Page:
The word cancer emotes feelings within me that I struggle to express verbally. Most likely this struggle originates from the day I received word that one of my college friends was diagnosed with stage 4 ovarian cancer. I remember how I felt when I heard the news. I also remember how I sobbed uncontrollably when I learned of her passing, and how angry and confused I was by that outcome.
I was angry, because in my opinion, her time on earth was cut way too short. I was angry because I didn’t get the chance to thank her for the positive impact she had on my life, nor did I get to say goodbye. I was also angry because I couldn’t go back and change the past.
For days after learning of this news my brain recycled all of the things I should have done. I kept kicking myself for not capturing more friendship moments and focusing more intently on others while I had the opportunity to do so.
Continually dwelling on the “should have’s” allowed room for confusion to set in. At that point I also began to struggle to understand why God would allow something like this to happen to someone like her. My friend was an amazing person who had an infectious way about her that drew people towards her. As a result of her warm personality and genuine care for others, she influenced countless lives. She also had a solid grasp of her faith, and her countenance displayed her obvious love for Christ.
For the longest time I didn’t comprehend why my prayers for healing weren’t answered in the way I thought God should have answered them. I failed to see that there are some things I will never understand. I failed to recognize that healing comes in different forms, and that Gods ways are best even when I don’t understand.
Yesterday I learned that another friend recently received a cancer diagnosis. Thankfully modern science has provided better medicines, more aggressive courses of treatment, and newer treatment options for cancer patients. In addition to scientific intervention, there is also the power of prayer. I’ve witnessed the impossible become possible through prayer. Because of medical advances and divine intervention, there are countless folks whose cancer is in remission or who are cancer free. I am thankful that all of those individuals get second chances. Yet even thought I know these positives, I still get emotional when learn about a friend’s diagnosis, because I also know the connotations attached to this diagnosis.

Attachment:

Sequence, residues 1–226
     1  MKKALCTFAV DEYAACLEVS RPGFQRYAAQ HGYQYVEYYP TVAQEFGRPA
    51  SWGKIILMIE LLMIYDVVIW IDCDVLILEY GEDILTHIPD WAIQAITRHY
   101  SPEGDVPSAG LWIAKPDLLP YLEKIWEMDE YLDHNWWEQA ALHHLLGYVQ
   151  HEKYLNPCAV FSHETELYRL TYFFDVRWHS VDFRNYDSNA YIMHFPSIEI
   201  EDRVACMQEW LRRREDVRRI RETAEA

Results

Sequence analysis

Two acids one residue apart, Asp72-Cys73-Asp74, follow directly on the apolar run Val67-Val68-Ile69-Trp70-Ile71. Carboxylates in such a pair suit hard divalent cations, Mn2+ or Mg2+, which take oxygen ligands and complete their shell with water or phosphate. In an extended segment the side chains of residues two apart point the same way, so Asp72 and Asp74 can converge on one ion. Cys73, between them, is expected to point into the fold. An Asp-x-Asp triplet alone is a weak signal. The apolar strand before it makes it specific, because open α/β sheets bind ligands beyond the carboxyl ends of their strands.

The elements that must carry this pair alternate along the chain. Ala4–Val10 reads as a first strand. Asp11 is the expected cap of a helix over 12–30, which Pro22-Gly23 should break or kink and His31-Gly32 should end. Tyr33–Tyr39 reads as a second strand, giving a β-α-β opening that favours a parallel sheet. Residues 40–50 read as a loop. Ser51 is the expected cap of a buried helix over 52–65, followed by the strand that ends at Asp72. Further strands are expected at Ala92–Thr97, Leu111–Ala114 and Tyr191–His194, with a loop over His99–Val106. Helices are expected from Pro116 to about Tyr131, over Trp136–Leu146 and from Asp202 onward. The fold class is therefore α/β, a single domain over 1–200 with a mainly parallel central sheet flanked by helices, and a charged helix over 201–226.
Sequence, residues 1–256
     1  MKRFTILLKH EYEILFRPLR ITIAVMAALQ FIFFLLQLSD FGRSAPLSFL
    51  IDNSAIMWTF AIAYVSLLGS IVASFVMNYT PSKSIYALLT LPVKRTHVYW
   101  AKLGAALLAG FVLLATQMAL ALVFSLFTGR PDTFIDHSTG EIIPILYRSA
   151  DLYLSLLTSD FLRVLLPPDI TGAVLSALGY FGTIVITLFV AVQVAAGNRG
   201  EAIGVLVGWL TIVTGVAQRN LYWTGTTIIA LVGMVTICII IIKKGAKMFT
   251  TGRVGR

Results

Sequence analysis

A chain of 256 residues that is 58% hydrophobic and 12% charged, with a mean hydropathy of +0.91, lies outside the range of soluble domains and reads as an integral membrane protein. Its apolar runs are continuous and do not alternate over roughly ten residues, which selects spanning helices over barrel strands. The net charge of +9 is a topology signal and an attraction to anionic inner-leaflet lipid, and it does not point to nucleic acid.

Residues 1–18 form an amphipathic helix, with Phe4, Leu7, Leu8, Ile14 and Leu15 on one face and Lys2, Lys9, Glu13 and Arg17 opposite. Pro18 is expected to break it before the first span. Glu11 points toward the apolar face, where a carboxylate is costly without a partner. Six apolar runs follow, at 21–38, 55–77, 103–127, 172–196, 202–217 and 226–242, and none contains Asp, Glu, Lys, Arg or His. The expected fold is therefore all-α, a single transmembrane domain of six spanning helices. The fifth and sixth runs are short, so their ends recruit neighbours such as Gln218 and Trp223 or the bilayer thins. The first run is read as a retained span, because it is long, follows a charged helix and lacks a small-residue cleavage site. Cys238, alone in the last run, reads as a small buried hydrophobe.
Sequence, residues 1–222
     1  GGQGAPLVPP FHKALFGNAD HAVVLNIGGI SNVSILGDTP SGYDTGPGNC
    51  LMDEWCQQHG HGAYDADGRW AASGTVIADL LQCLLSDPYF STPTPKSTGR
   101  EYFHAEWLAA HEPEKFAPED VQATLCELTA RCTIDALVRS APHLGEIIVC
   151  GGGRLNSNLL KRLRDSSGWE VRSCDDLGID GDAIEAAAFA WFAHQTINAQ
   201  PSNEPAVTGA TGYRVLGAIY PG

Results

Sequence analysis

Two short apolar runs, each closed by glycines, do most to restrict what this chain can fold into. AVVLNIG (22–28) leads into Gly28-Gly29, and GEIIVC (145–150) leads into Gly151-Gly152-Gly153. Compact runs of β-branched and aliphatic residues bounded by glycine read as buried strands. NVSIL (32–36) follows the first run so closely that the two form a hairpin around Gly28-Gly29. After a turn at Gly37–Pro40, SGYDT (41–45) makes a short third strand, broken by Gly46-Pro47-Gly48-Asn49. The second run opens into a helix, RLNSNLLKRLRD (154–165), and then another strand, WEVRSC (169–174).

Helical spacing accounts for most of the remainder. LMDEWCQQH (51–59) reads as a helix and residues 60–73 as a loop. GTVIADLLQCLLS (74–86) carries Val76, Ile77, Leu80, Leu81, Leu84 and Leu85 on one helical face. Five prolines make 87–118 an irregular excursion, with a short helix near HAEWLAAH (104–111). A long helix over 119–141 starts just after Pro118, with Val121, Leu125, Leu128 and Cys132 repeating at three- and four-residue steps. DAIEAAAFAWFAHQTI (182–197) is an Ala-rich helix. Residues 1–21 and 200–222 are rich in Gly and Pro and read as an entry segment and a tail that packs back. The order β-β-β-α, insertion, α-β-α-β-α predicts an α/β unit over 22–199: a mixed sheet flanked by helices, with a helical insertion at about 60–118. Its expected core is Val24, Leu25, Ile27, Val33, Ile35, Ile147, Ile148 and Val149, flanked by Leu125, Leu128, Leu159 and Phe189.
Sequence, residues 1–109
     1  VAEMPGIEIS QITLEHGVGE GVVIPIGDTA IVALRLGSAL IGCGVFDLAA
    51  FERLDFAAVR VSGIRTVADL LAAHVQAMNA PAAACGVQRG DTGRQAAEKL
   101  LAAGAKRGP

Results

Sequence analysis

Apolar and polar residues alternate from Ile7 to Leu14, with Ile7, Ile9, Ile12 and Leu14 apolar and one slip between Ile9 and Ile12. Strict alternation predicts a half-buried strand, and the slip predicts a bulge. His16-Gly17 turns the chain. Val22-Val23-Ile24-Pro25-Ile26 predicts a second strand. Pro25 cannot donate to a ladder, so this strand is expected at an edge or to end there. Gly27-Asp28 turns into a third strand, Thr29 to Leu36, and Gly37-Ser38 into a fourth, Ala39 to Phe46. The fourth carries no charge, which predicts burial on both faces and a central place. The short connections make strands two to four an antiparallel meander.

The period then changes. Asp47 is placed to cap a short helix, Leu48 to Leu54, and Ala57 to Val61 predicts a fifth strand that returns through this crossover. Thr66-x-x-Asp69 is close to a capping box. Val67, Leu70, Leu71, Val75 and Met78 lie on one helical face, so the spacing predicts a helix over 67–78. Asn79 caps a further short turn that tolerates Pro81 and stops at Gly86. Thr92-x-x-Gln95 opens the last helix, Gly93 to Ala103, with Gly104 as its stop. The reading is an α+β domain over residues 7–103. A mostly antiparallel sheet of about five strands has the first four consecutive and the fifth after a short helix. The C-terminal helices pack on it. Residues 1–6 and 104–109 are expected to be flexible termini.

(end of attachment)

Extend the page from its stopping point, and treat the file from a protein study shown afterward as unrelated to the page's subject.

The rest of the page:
Hearing yesterday’s news cut me to the core and unearthed those past emotions of do-over wishes. Lately I feel that I have been so busy with my job and with life itself that I’m missing opportunities to get to know people in a deeper way. I feel that I have my nose to the grindstone far more than I should, and that I don’t look up often enough to see who is around me. I don’t like being in this tunnel vision mode.
Maybe this news is a reminder that even my days are numbered and that life should be spent differently than burying my face in my work all of the time. Maybe hearing about my friend is a reminder to look up more often and see people, to truly see people, instead of seeing tasks.